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Anyone else experience a turbo-induced blown engine?

 

Our 2007 Sports 2.5XT suffered a blown engine last week as I was driving from San Francisco to Long Beach, and I'm wondering if anyone knows of similar events with other Turbo XT's. The dealer's mechanics where I had it towed to had to do an engine tear-down, and found that cylinder 4 was trashed, with a big chunk of it loose (Picture attached). Their opinion is that, since this cylinder works most closely with the turbo unit, the cylinder was constantly overheating. (Note: I'm not a car techie, so I realize my description may lack proper details, but I'm going by what I've been told over the phone.) Metal fatigue due to over heating apparently is the specific cause of the failure The engine block is not repairable.

 

The dealer has quoted me a total price over $6000 complete repair. I am talking to Subaru America, as I am disappointed that the engine design may be partially responsible for this massive failure.

 

Does anyone know of other turbos causing engine block failure?

 

This Sports 2.5XT has got 136K miles, and has only been serviced by Subaru garages. We got it new in 2007. All driving has been on streets and highways.

 

We still have a 1999 Forester (non-turbo), which chugs along nicely with about 150,000 K.

post-48662-0-66886400-1373910157_thumb.jpg

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Broken ring land, were there any performance mods done to the car?  Its a problem in the STi's when you start making a decent bit of power.  I've not seen a piston broken by overheating, you would have had other problems before this reared its head.

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86bratman, No mods have been done to this car. Just routine, regular servicing by Subaru mechanics.

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#4 cylinder is opposite side from the turbo.  And All the cylinders should see boost the same.  #3 cylinder is the one actually closesest to the turbo.

 

IDK........not nessecarily a design flaw........definately bad luck.  Turbos are generally more prone to all types of failures, but espescially ring lands.

 

It's hard to tell from one photo.  But I wouldn't think that the block would be too damaged if you spoob it down right away.  Pistons break and are repaired all the time.  Labor intensive, but cheaper than a whole new engine.....the case doesn't need to be split.....just pull the wrist pin, put in a new piston/rings and put some heads on it.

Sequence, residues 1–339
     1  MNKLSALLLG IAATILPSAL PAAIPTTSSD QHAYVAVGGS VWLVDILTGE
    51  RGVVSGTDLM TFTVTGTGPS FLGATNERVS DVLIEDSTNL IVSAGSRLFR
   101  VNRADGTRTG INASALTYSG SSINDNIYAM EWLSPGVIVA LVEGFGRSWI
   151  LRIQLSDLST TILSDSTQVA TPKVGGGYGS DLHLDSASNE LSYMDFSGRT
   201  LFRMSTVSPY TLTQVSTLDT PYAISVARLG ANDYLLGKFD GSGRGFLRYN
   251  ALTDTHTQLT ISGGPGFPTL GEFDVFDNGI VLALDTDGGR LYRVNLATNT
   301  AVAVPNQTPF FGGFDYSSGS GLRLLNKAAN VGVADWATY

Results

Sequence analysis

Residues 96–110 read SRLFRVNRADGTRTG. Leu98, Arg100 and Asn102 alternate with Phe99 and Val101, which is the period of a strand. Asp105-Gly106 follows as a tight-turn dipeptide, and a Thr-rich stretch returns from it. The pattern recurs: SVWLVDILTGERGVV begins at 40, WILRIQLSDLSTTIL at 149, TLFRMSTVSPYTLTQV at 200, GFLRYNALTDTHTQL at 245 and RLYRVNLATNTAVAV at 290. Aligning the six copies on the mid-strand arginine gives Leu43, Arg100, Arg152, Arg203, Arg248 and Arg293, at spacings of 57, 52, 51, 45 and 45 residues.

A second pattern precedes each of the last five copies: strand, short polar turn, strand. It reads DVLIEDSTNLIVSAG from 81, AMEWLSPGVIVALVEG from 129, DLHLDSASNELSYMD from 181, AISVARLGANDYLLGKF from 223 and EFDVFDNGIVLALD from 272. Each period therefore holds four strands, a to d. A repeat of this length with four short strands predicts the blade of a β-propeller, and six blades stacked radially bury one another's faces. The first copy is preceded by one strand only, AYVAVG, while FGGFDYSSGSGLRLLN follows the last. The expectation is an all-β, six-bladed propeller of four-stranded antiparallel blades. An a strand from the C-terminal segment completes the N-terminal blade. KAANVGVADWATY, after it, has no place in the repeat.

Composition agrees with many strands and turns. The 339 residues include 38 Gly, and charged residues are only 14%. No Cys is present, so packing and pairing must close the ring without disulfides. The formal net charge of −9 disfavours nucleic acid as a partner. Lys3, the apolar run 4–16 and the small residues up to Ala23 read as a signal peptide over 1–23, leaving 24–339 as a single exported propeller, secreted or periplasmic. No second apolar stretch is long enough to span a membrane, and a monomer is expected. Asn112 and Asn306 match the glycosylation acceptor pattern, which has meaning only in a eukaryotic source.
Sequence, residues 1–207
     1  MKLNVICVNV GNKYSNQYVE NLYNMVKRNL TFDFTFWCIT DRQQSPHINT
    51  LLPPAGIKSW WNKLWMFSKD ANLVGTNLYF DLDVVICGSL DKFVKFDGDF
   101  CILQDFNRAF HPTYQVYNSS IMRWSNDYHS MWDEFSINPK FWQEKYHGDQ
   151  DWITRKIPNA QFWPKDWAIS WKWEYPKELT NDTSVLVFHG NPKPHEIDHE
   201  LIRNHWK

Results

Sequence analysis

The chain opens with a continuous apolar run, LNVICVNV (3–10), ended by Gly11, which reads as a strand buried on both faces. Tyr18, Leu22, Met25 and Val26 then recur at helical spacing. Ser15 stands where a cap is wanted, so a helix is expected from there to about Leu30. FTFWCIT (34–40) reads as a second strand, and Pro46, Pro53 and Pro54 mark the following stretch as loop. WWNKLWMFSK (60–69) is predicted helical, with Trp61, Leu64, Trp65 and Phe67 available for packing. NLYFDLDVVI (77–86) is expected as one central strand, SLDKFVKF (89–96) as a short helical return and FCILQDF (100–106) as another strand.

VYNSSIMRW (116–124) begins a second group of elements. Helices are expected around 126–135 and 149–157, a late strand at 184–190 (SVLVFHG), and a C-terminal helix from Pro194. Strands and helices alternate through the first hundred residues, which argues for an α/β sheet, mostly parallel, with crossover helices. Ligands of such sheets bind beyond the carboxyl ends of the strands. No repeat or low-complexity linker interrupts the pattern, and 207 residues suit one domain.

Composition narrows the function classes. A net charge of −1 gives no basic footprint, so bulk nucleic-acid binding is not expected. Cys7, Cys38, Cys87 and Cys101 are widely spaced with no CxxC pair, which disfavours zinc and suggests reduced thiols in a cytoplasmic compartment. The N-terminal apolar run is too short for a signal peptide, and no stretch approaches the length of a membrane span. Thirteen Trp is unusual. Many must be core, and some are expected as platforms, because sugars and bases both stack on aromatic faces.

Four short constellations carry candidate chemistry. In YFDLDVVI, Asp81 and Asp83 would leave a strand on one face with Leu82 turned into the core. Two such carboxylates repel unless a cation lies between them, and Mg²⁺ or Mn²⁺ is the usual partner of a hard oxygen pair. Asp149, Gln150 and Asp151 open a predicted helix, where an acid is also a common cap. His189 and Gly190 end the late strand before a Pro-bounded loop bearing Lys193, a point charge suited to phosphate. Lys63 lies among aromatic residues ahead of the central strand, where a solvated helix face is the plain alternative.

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#4 cylinder is opposite side from the turbo.  And All the cylinders should see boost the same.  #3 cylinder is the one actually closesest to the turbo.

 

IDK........not nessecarily a design flaw........definately bad luck.  Turbos are generally more prone to all types of failures, but espescially ring lands.

 

It's hard to tell from one photo.  But I wouldn't think that the block would be too damaged if you spoob it down right away.  Pistons break and are repaired all the time.  Labor intensive, but cheaper than a whole new engine.....the case doesn't need to be split.....just pull the wrist pin, put in a new piston/rings and put some heads on it.

Not to mentiont the fact that even if we're talking whole "new" engine, $6k seems a bit steep.

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#4 cylinder is opposite side from the turbo.  And All the cylinders should see boost the same.  #3 cylinder is the one actually closesest to the turbo.

 

IDK........not nessecarily a design flaw........definately bad luck.  Turbos are generally more prone to all types of failures, but espescially ring lands.

 

It's hard to tell from one photo.  But I wouldn't think that the block would be too damaged if you spoob it down right away.  Pistons break and are repaired all the time.  Labor intensive, but cheaper than a whole new engine.....the case doesn't need to be split.....just pull the wrist pin, put in a new piston/rings and put some heads on it.

Have you ever heard of a dealer doing what you suggest, when they are the one's recommending full block replacement?

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Broken piston crown is usually due to detonation. More commonly known as "Pinging".

 

If the fuel mixture in the cylinder goes lean under boost this is what you end up with. The other leading causes of detonation are low octane fuel, and oil in the fuel mixture( Usually from leaking valve stem seals or worn rings).

 

Detonation causes a shockwave in the cylinder which can have the same effect as a hammer strike, and things get broken. Unfortunately that engine is toast. Might make a good glass-top coffee table!

 

Was it caused by the turbo? Absolutely not. This engine is designed to have a turbo, and to withstand the pressures created by the turbo.

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Have you ever heard of a dealer doing what you suggest, when they are the one's recommending full block replacement?

 

No that would be too much labor for them, and they can't "garauntee" without replacing the block.  That's what dealers do....throw your money at the problem.

 

But if they will not replace the engine, and you want to explore options that would be the way to go.

 

The heads are more likely to need replaced than the block.

 

Find an independent shop that can do the piston replacement.

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Broken ring land, were there any performance mods done to the car?  Its a problem in the STi's when you start making a decent bit of power.  I've not seen a piston broken by overheating, you would have had other problems before this reared its head.

 

Do you know what kind of gas mileage you got?

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